It's pretty sick, especially at the climax when the unmasked killer says he first noticed Marge when she was ten years old, then whispers excitedly about her 'bare little feet' and 'torn dress' and promises to look after her always as she lies rigid with fear in his arms. At this point, my skin crawled off and hid behind the sofa.  

Terrified examines the notion of the cheerful small town where everything is gingham and gee willikers on the surface but, underneath, is sick and corrupt and rotten and dirty. It's a particularly American obsession: King's Row, Peyton Place and Twin Peaks all attest to that. America has a tragic, terrible history: a vast, wild, deadly landscape colonised by force, seeded by sacrifice, watered by blood, built on death. 

If the English are always bemoaning the fact that life used to be better, that the best of our country has come and gone, then perhaps the American psyche works in reverse, and the people are haunted by a folk memory of when things were infinitely worse. Is it any wonder that they are scared of what's out there in the dark?**

*  Technically only one callow youth: the other one is thirty three and looks every month of it, especially as he is painted, coloured and styled like a cheap whore in order to try and look 18.

**  According to the FBI, between 35 and 50 active serial killers at any one time, for a start.

Friday, 12 December 2014


d. Edward L. Cahn (1958)

'Where's the dividing line between yesterday and today, between the past and the present, even between life and death?'  

Essentially a Mummy film, The Curse of the Faceless Man is, as you might expect, obsessed with death and forbidden love, reincarnation and revenge. Set in Italy, the monster here isn’t a long dead Egyptian swathed in bandages but rather an Etruscan gladiator contained in a carapace of volcanic ash, having been engulfed by the eruption of Vesuvius at Pompeii some two thousand years previously.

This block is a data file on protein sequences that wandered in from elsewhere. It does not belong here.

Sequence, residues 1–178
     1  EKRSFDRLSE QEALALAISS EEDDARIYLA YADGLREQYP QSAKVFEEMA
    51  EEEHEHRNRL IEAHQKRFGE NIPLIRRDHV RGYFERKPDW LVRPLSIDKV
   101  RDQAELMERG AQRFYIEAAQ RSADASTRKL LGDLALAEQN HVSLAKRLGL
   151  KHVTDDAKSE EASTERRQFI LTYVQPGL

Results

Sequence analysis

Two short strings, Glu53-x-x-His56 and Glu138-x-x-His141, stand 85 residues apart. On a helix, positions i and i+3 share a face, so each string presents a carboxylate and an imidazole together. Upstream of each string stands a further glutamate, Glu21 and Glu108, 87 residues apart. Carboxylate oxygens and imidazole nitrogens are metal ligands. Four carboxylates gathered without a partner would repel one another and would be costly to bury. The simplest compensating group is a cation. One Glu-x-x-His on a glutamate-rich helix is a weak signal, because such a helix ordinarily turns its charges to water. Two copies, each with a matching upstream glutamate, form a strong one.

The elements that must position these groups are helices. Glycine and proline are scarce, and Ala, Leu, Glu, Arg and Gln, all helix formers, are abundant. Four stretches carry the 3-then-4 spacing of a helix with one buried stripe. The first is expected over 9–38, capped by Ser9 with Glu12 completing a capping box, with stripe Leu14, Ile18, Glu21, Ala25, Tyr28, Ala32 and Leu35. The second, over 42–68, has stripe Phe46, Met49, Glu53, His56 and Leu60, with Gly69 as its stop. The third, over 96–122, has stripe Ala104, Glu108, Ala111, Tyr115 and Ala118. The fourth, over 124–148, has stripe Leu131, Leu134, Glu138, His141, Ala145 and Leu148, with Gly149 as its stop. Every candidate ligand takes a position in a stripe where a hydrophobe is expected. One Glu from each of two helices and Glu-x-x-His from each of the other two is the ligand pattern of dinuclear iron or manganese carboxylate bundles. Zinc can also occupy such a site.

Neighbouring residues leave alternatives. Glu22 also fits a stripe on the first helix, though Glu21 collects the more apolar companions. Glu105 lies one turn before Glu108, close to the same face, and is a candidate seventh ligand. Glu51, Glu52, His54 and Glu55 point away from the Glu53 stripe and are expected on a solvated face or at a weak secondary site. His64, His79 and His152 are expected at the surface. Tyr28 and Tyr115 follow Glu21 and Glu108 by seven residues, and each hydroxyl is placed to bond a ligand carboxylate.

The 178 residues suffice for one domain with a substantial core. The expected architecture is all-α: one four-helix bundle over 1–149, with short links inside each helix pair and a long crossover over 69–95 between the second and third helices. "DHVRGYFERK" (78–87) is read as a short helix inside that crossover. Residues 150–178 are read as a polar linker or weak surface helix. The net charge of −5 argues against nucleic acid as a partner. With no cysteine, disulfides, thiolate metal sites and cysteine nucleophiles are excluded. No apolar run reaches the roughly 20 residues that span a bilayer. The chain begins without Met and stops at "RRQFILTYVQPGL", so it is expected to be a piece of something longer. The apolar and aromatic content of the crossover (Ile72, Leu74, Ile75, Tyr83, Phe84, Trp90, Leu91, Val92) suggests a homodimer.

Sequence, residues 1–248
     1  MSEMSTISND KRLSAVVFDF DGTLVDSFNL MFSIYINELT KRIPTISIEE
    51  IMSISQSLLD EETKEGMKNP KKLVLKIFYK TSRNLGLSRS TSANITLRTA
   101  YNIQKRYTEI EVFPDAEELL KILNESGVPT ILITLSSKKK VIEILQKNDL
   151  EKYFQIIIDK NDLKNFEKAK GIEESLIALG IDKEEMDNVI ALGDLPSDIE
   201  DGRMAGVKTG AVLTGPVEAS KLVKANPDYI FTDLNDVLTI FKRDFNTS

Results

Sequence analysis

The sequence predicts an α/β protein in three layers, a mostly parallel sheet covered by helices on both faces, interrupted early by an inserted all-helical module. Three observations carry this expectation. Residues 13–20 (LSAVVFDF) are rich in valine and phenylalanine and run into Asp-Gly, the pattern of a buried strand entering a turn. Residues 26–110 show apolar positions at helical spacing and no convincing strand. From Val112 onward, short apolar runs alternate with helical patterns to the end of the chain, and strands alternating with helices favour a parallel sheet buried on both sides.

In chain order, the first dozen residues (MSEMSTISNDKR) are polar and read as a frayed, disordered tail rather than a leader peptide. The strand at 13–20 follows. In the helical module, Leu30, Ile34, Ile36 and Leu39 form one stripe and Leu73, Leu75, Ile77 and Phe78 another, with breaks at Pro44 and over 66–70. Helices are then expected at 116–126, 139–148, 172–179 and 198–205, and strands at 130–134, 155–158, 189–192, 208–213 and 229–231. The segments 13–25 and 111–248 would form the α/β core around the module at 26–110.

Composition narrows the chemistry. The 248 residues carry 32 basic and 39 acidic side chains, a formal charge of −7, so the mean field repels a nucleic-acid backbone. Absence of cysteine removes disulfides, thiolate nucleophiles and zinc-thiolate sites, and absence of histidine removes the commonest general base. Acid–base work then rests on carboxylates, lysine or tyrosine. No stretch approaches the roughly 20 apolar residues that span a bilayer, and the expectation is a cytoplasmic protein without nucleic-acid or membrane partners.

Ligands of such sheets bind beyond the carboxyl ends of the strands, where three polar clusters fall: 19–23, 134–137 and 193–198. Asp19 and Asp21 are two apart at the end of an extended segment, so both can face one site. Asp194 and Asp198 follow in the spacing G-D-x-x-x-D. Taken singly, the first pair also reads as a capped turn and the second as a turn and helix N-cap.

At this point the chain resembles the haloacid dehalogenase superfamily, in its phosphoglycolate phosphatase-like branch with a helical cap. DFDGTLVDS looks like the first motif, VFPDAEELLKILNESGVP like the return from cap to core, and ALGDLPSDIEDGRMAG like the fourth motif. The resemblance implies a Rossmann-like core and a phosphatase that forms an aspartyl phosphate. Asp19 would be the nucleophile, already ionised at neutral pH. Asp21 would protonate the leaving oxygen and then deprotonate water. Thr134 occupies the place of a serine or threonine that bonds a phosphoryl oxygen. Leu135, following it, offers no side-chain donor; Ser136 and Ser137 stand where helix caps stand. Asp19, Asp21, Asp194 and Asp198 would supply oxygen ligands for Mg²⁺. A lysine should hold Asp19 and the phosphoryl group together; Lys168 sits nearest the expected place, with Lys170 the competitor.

Discovered in a hole by an incredulous workman and taken to a museum in Naples, his scabby white body mostly lies around on its back with its arms and legs in the air, like a stunned beetle. At key moments, however, the ‘fantastic dead man’ drags himself to his feet and starts stomping stiffly around: ruthless, relentless, chopping people to death with the rock hard side of his horny hand.

Like most angry monsters, he’s all Id, operating purely on pre-set instructions. His mission is two-fold: to murder nominal authority figures like Policemen and Museum staff, and to be reunited with his lost love, who just so happens to have been reincarnated as a visiting American artist: an astonishingly fortuitous break for him, extremely bad luck for her.

It’s a shame that he is so preoccupied, really. Think of what he could have added to our knowledge of the ancient world if he hadn’t been a psychotic killing machine.

Friday, 5 December 2014


d. John Sherwood (1957)

After a marvellously solemn monologue about the nature of comets and the daily threat they pose to the Earth, The Monolith Monsters starts with a chunk of obsidian black space rock smashing into a Californian salt flat, spreading debris all over the desert. When the rock gets wet, it grows, forming vast towers which then topple over and smash, with each broken piece growing again to form a new tower. For the people of the small community of San Angelo this presents two problems: firstly, their little town is directly in the path of the rampaging rocks and, secondly, anyone who gets too close to the space debris has all the silicone sucked from their bodies and subsequently turns to stone. It’s a hell of a concept (sci fi film genius Jack Arnold was one of the men behind it) and it’s well executed, too.

The shots of the black monoliths growing, falling, then springing up again, in particular, are startling, especially when you realise that, with nothing to stop them, they could, with time and rain, crush the whole world. There’s no question of the rock being intelligent, it just does what it does, over and over, unthinking, unfeeling, and unaware of any consequence. It’s rather chilling, but then nature, regardless of its point of origin, often is.

The main characters in the film are Geologists* and Doctors, so the focus is on finding a logical, scientific solution rather than simply screaming and hoping for a lucky break or an act of God. I’m not sure if a sentence like ‘Chert, Feldspar, Pyroxene, almost all of the Olivine group, Flint, almost solid Silica' makes any sense to someone with a BSc, but it sounds right to someone who hasn't, and that’s half the battle.

* The chief scientist is the excellent Grant Williams, perhaps best known as The Incredible Shrinking Man, another Jack Arnold master work.